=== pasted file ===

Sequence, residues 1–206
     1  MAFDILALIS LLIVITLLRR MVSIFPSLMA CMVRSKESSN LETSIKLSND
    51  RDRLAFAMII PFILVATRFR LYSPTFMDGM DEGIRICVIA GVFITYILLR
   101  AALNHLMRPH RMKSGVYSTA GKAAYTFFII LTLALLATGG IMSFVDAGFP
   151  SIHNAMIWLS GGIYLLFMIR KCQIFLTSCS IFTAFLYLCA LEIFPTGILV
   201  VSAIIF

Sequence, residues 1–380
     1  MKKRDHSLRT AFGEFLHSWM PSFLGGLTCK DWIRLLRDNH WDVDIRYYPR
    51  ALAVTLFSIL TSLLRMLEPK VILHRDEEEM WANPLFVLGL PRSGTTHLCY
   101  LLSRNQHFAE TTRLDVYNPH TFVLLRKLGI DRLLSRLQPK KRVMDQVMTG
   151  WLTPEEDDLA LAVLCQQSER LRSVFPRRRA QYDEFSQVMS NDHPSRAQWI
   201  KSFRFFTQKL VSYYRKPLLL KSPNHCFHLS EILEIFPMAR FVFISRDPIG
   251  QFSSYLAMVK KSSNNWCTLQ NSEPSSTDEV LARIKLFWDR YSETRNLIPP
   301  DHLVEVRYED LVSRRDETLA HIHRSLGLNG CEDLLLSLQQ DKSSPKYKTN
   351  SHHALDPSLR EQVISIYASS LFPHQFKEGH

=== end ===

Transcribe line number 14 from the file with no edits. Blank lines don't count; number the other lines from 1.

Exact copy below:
   301  DHLVEVRYED LVSRRDETLA HIHRSLGLNG CEDLLLSLQQ DKSSPKYKTN